4 posts • joined Friday 3rd April 2009 15:08 GMT
Oh goodie, immobile artillery
Given the dynamic nature of combat, it's hard to see where an unattended box of missiles - which is difficult to reposition or recover - would fit in most of the time. In classic warfare, regular mobile artillery would be more useful precisely because it is mobile, as well as cheaper, albeit relatively manpower-intensive. In low-intensity warfare a Netfire-type system could be useful for teams operating out of small, static defensive positions - like forward operating bases - but would need to be transported in (by helicopter, parachutes wouldn't be precise enough) and also transported out (unless you want to leave it for the enemy or order it to self-destruct). Sure, you could stick it on a Humvee, but then it's just another crewed mobile missile launcher. It would also need the usual logistics of ammo supply (unless you want to drop a new one in every time you're low) at which point you need loaders and probably maintenance if it's going to be reliably available for any length of time. Mr Page's favourite reason for advocating radical change in military technology, i.e., to upset the hidebound brass, is a good one but not perhaps sufficient in itself. The only serious argument we've seen in its favour here is that the Israelis plan to use them and, at least until recently, we have assumed that they know what they're doing. But then again their entire country is a small, static defensive position...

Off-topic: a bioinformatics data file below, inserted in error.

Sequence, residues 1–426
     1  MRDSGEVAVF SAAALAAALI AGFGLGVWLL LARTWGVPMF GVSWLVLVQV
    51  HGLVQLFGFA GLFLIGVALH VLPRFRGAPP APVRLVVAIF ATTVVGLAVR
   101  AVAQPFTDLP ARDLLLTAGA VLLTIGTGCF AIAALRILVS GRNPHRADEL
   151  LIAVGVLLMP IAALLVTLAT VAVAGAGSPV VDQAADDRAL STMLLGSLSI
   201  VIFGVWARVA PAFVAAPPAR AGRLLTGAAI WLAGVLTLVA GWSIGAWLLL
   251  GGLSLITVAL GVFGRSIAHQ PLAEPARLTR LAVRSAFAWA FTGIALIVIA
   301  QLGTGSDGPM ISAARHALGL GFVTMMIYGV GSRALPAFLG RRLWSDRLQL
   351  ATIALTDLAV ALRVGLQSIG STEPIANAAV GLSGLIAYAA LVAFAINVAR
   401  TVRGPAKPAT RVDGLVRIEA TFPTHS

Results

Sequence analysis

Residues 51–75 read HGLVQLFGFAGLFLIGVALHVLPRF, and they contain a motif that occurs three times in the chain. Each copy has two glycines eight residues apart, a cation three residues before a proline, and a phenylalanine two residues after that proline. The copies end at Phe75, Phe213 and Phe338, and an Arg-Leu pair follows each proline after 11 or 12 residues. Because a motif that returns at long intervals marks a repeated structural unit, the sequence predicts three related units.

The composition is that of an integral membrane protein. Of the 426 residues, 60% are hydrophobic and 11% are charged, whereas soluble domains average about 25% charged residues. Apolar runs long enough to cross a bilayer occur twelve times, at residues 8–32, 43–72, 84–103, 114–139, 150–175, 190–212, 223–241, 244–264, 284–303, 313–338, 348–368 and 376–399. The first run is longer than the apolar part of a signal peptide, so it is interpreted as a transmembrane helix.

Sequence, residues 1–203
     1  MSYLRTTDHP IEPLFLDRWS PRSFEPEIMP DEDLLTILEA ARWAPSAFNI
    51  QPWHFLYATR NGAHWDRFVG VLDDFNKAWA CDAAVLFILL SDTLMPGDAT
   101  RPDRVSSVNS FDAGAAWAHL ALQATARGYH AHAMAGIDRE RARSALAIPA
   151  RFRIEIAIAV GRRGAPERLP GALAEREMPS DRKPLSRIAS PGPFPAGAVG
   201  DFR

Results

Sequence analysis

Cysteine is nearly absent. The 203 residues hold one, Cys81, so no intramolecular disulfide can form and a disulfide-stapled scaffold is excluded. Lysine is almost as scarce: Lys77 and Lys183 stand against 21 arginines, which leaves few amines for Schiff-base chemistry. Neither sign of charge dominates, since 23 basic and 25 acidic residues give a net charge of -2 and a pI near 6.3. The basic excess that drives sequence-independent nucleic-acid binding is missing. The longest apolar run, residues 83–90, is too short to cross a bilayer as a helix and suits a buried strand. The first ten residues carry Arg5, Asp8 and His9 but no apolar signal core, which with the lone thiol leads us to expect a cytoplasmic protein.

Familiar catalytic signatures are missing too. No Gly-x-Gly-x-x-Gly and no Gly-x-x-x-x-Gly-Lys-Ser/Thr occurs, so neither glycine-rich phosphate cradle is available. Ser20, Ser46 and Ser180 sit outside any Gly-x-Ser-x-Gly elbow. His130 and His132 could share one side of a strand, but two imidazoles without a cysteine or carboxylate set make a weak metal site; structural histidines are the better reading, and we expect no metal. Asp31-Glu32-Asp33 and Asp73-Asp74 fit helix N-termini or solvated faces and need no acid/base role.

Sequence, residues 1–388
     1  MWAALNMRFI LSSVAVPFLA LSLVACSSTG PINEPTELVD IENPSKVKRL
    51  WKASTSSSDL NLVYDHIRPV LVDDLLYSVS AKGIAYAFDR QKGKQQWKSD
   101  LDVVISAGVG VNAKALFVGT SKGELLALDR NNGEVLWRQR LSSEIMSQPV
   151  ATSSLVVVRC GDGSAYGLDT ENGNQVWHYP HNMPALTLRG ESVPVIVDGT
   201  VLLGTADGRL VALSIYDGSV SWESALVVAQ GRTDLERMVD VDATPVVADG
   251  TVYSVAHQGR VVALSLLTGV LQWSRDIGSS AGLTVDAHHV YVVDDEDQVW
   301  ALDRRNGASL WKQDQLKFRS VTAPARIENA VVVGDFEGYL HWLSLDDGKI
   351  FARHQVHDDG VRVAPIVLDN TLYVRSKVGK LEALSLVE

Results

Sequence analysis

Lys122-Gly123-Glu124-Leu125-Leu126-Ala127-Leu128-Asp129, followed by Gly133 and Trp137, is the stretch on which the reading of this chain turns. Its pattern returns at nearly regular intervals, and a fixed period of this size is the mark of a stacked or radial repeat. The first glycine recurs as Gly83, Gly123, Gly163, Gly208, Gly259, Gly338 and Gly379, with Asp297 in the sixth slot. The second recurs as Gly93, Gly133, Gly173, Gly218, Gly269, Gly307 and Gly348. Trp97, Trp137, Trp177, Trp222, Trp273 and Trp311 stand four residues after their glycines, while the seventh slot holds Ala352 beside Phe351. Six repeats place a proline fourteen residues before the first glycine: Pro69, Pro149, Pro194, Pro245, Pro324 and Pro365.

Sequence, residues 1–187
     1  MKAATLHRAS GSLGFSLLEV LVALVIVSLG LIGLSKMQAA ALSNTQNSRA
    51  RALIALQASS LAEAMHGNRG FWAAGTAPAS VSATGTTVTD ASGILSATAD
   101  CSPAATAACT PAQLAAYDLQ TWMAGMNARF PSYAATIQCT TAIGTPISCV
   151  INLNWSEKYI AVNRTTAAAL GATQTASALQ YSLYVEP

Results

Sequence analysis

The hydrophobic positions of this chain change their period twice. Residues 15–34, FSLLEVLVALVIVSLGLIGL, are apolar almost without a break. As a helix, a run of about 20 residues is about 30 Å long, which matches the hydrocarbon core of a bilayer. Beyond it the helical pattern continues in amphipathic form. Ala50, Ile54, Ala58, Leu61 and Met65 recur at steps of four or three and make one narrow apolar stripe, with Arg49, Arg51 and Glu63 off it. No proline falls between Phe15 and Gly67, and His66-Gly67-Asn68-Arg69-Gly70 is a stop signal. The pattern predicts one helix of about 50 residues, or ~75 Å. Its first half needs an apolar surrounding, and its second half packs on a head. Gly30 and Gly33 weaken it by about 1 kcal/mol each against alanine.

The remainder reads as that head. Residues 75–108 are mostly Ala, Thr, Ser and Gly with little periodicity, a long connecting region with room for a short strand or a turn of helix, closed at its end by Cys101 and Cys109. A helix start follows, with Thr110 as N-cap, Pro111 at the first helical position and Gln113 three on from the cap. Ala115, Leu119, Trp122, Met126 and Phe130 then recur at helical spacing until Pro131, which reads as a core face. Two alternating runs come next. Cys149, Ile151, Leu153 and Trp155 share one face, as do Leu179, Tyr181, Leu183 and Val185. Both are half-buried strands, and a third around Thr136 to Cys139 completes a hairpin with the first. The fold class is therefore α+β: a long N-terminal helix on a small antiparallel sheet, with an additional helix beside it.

Cambridgeshire County Council?
That would be the same county council who recently bulldozered through an ill-conceived and expensive guided busway scheme: does anyone really want to trust them with £500m more of our money? Maybe it would do less actual harm if they did just "sit on their hands and expect the congestion to go away" his time... After all, look where "we must do something, this is something so we have to do it" planning has got us so far.
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